To say the least, the world has changed in the last year for the meetings and conventions industry. The key buzzword these days is value. In other words, meetings need to deliver $$$$ value to their sponsors, hosts and attendees — hopefully in the quarter. This is one of the themes at the 2009 Meeting Professionals International annual World Education Conference: Talk in business terms!
To be fair, marketing, advertising, packaging, promotions and employee perks are all experiencing the same short-term scrutiny, due to the recession. All of these categories typically get punished for supposedly being “frivolous” when times turn sour.
As a professional speaker, I’m focusing my work on generate value for the meeting planners and their customers/clients/attendees — instead of just giving rousing talks and scoring high on event surveys. The best approach to create value is to look at myself as an expert who researches, writes, speaks and delivers after-event results. In the end, I’m more of a consultant (albeit much less deeply engaged) than a performer. Here’s my consulting system:
1. Interview the meeting planner and his/her stakeholders to determine the event’s business objective, audience profile, emotional needs and measurable metrics for success. (Example interview form)
2. Do more interviews with extended stakeholders. Conduct research to connect my expertise with the business objectives of the meetings. Circle back with the meeting planner to compare notes.
3. Write a one-of-a-kind speech, based on the research. Choose a singular archetypal story to frame the talk, so it is easy for the audience to buy-in to its premise. MOST IMPORTANT: Include at least six action items for the audience that tie-in to the business objectives. (Example from ASAE event)
4. Show up at event early enough to conduct on-the-ground reconnaissance with meeting planners, execs, sponsors, attendees and vendors. Rehearse (conversationally) some bits and action items to gauge their ability to move people to action. Sleep on all of your findings.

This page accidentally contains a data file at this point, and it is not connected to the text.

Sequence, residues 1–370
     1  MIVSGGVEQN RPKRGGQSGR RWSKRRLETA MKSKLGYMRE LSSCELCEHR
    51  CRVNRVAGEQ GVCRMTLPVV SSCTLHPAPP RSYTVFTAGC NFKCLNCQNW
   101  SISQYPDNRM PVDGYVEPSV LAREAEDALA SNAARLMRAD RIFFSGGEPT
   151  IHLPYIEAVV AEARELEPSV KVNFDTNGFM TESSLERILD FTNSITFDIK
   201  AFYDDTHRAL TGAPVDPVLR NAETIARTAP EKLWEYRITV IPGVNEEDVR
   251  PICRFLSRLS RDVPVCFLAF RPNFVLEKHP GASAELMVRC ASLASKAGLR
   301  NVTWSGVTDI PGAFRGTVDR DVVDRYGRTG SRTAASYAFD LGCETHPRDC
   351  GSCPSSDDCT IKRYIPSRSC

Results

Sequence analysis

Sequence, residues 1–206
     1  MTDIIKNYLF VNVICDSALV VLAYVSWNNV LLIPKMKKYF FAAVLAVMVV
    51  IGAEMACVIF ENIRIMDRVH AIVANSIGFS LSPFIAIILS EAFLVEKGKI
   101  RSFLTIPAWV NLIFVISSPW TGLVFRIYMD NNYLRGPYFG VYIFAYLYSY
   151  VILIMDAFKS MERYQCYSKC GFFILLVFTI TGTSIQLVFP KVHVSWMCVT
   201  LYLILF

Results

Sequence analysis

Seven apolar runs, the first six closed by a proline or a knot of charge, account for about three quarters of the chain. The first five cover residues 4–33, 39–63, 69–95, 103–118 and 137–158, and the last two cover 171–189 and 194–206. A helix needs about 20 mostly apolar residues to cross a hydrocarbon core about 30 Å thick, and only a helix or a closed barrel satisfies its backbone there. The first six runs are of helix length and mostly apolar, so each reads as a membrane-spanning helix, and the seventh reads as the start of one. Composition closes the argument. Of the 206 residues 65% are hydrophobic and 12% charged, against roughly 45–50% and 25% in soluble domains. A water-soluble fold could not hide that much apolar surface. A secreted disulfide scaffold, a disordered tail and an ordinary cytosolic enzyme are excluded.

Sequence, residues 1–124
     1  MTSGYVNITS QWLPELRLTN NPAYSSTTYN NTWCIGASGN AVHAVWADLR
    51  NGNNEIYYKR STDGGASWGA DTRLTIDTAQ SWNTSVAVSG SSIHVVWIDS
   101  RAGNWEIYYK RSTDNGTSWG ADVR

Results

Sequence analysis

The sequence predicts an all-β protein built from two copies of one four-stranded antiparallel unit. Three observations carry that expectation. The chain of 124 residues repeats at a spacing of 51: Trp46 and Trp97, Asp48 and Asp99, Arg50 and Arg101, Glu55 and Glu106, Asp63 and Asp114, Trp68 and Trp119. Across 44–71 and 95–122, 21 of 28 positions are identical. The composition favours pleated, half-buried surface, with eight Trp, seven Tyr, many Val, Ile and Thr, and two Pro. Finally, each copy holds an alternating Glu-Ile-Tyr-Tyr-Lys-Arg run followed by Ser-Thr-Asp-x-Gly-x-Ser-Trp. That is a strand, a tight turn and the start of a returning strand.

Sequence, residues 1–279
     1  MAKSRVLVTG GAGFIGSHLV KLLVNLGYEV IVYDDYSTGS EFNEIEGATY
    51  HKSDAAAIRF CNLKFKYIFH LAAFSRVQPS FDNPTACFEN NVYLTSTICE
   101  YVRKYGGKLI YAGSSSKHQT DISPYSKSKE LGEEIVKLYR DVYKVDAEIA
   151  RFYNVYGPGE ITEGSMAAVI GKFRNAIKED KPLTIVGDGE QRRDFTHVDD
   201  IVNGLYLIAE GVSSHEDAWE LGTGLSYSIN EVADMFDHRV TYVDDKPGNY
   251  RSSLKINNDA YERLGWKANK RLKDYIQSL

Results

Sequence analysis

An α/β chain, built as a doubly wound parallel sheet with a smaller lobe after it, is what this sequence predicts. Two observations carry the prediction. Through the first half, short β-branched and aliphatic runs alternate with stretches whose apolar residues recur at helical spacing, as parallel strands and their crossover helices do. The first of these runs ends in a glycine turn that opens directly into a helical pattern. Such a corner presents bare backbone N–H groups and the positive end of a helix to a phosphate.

5. Get up at least two hours prior to sound check time and tweak the speech. Rehearse the entire talk if possible, integrating the customized content. Remember: The attendees know their industry and jargon much better than you do!
6. Psyche yourself into a mental state backstage that “the only reason to give a speech is to change the world.” Right before you go on stage, review the key action items you MUST include for the talk to deliver measurable short-term business value. At a recent event, for example, I knew that reducing the load of cc’d and reply-to-all emails would save my client company money, and the IT director was a stakeholder for the event. I made sure to review my points regarding “less email is better“, and gave it some weight during the talk.
7. Offer your email address from the stage, so the audience can follow up or give your feedback. This is crucial, because much value is created away from the meeting planner’s purview (surveys, word of mouth).
8. Follow up with the meeting planner, if they desire, to share your insights, audience feedback and next steps. Offer up a podcast or PDF key takeaway points document as an after event deliverable. (Example from MPI-PEC event)
9. Answer EVERY follow up email from audience members, stakeholders or meeting planners. Encourage action, document it whenever possible, and include all of your findings in a database to help at future events.
I know this sounds like a great deal of work for speakers, but after all, we live in a time where we must work twice as hard to make as much as we did in the go-go days of 2005, 2006, 2007 and 2008. Speeches must, as author Nick Morgan argues, move the audience to action. In this case, getting a standing ovation doesn’t equate to action. Increasing prospecting call volume after speaking at a sales rally does. Driving efficiency in shipping and operations after speaking at a corporate offsite does.
If you figure out a way to prove that you deliver more short-term cash value than you charge, you’ll turn your speaking career into a sustainable business, now, and during the good times ahead. This year, over a third of my speaking engagements are rebookings from previous year’s events. In almost every case, I was brought back because of my value, not because of ratings or surveys. The system works!
PS – Read the comments below for bonus tips, tech hints and and more great ideas on this subject. Clearly, this post has hit a nerve!